‘We will continue to fight’: German church abuse victims say payouts not enough

German bishops have announced higher compensation for victims of sexual abuse in the Catholic Church but victims say the proposals fall far short of expectations.

'We will continue to fight': German church abuse victims say payouts not enough
Archive photo shows a man walking in a church in Bremen. Photo: DPA

Each victim could be awarded up to €50,000 and even more in the most serious cases, bishop Stephan Ackermann said at the close of a four-day episcopal gathering in the western city of Mainz.

The Church currently pays victims an average sum of €5,000 as well as covering their therapy fees.

Campaigners have long complained that this is not enough.

The Eckiger Tisch victims' group has demanded a one-off sum of around €300,000 per person.

READ ALSO: Germany's embattled Catholic church elects reformist leader

But several high-ranking Church officials have rejected the proposals as too costly.

“At least we have clarity now,” Matthias Katsch from Eckiger Tisch said on Tuesday, accusing the Church of limiting itself to the “minimum of what is legally enforceable”.

“The Church in Germany is not prepared to take responsibility for its crimes,” he said.

“It does not want to admit the second crime of disguise, cover-up and concealment committed by the institution.”

The group said it would “continue to fight for real compensation”, reported the Tagesschau on Thursday.

An independent commission had recommended two solutions – either a one-off payment of €300,000 or an individual compensation ranging between €40,000 and €400,000 dependent on the severity of the crime

A study commissioned by the German Bishops' Conference and released in 2018 showed that 1,670 clergymen had committed some form of sexual attack against 3,677 minors, mostly boys, between 1946 and 2014.

READ ALSO: German Catholic church apologises as scale of child abuse laid bare

On Tuesday, the bishops chose Georg Bätzing, the reformist bishop of Limburg, as their new leader to succeed leftist Cardinal Reinhard Marx.

Bätzing will be tasked with steering the Church through multiple crises.

As well as dealing with the fallout from the sexual abuse scandal, it is seeking to answer divisive questions on issues such as priestly celibacy and the role of women.

READ ALSO: Six things to know about Catholicism in Germany

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Mosques in Cologne to start broadcasting the call to prayer every Friday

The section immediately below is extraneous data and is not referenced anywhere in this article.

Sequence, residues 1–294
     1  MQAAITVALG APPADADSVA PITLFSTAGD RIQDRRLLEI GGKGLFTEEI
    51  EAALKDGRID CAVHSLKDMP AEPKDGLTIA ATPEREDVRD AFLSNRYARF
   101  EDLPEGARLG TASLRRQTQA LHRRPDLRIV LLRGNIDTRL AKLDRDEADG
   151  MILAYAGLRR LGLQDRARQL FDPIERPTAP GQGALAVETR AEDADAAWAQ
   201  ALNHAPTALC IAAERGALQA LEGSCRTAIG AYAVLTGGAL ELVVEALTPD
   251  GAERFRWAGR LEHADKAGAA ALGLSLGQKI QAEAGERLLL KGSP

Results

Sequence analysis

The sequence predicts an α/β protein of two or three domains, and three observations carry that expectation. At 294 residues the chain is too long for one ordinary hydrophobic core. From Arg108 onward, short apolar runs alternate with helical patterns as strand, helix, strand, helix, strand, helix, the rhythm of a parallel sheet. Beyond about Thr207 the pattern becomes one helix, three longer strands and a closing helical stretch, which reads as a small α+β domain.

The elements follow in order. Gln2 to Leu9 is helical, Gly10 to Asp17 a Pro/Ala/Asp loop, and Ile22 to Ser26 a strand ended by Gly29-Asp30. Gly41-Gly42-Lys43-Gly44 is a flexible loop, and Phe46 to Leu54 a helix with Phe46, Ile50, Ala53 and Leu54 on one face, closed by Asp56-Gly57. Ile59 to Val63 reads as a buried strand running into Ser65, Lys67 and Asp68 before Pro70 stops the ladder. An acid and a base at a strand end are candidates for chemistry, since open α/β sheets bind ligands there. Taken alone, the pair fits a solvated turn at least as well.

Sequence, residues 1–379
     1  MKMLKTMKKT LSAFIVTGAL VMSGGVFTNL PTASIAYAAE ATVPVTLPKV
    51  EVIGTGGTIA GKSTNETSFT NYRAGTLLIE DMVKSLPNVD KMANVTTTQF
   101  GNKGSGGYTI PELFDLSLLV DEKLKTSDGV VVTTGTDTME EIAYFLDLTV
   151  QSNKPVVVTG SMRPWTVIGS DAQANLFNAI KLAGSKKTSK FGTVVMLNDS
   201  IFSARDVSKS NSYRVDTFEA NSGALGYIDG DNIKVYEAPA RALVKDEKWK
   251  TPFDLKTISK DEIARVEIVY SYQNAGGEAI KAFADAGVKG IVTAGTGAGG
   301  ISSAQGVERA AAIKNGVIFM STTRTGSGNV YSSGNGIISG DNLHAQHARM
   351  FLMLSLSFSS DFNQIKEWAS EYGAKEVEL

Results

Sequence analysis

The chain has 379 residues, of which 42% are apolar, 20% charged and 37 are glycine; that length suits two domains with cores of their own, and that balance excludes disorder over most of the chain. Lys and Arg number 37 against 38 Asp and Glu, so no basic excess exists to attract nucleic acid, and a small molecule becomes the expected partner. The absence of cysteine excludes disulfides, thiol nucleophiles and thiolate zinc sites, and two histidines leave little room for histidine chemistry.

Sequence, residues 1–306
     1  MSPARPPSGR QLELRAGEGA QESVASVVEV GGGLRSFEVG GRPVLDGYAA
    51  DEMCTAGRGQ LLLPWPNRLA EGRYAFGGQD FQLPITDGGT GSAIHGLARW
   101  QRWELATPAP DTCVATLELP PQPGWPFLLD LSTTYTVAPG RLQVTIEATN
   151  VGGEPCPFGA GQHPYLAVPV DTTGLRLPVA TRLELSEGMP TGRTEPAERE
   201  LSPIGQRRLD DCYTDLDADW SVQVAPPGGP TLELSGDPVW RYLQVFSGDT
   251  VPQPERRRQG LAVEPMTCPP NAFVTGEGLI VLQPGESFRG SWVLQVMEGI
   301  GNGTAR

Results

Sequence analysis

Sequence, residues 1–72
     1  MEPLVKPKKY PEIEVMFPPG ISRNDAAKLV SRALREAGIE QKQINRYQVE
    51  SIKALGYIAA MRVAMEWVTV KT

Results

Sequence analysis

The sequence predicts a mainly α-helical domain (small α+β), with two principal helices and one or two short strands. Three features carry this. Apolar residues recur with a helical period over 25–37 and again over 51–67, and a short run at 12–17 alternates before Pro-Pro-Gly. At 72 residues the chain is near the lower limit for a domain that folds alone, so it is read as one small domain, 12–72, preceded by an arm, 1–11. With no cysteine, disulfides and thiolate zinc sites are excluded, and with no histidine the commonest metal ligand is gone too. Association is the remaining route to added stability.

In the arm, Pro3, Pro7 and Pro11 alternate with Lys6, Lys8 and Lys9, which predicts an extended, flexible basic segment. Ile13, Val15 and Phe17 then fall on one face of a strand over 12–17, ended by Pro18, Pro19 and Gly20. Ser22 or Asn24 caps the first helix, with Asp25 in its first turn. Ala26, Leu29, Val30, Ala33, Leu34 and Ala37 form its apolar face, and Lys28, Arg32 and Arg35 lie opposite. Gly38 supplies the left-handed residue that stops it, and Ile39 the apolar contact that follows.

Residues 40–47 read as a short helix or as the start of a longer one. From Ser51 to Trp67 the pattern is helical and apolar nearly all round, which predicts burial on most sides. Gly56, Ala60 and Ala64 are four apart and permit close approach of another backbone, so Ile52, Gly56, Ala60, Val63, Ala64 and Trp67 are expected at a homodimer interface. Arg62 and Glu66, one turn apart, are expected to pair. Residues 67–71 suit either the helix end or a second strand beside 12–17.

The mayor of Cologne has announced a two-year pilot project that will allow mosques to broadcast the call to prayer on the Muslim day of rest each week.

Mosques in Cologne to start broadcasting the call to prayer every Friday
The DITIP mosque in Cologne. Photo: dpa | Henning Kaiser

Mosques in the city of the banks of the Rhine will be allowed to call worshippers to prayer on Fridays for five minutes between midday and 3pm.

“Many residents of Cologne are Muslims. In my view it is a mark of respect to allow the muezzin’s call,” city mayor Henriette Reker wrote on Twitter.

In Muslim-majority countries, a muezzin calls worshippers to prayer five times a day to remind people that one of the daily prayers is about to take place.

Traditionally the muezzins would call out from the minaret of the mosque but these days the call is generally broadcast over loudspeakers.

Cologne’s pilot project would permit such broadcasts to coincide with the main weekly prayer, which takes place on a Friday afternoon.

Reker pointed out that Christian calls to prayer were already a central feature of a city famous for its medieval cathedral.

“Whoever arrives at Cologne central station is welcomed by the cathedral and the sound of its church bells,” she said.

Reker said that the call of a muezzin filling the skies alongside church bells “shows that diversity is both appreciated and enacted in Cologne”.

Mosques that are interested in taking part will have to conform to guidelines on sound volume that are set depending on where the building is situated. Local residents will also be informed beforehand.

The pilot project has come in for criticism from some quarters.

Bild journalist Daniel Kremer said that several of the mosques in Cologne were financed by Turkish President Recep Tayyip Erdoğan, “a man who opposes the liberal values of our democracy”, he said.

Kremer added that “it’s wrong to equate church bells with the call to prayer. The bells are a signal without words that also helps tell the time. But the muezzin calls out ‘Allah is great!’ and ‘I testify that there is no God but Allah.’ That is a big difference.”

Cologne is not the first city in North Rhine-Westphalia to allow mosques to broadcast the call to prayer.

In a region with a large Turkish immigrant community, mosques in Gelsenkirchen and Düren have been broadcasting the religious call since as long ago as the 1990s.

SEE ALSO: Imams ‘made in Germany’: country’s first Islamic training college opens its doors